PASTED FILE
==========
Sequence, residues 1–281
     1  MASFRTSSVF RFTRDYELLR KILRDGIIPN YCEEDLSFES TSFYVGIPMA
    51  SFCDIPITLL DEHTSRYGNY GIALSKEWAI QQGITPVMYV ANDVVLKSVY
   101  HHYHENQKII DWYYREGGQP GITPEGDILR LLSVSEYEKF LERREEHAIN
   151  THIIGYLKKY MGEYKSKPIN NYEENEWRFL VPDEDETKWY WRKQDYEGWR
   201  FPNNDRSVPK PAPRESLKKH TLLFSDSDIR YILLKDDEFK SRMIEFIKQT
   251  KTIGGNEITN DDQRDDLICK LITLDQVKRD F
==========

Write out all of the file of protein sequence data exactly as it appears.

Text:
Sequence, residues 1–281
     1  MASFRTSSVF RFTRDYELLR KILRDGIIPN YCEEDLSFES TSFYVGIPMA
    51  SFCDIPITLL DEHTSRYGNY GIALSKEWAI QQGITPVMYV ANDVVLKSVY
   101  HHYHENQKII DWYYREGGQP GITPEGDILR LLSVSEYEKF LERREEHAIN
   151  THIIGYLKKY MGEYKSKPIN NYEENEWRFL VPDEDETKWY WRKQDYEGWR
   201  FPNNDRSVPK PAPRESLKKH TLLFSDSDIR YILLKDDEFK SRMIEFIKQT
   251  KTIGGNEITN DDQRDDLICK LITLDQVKRD F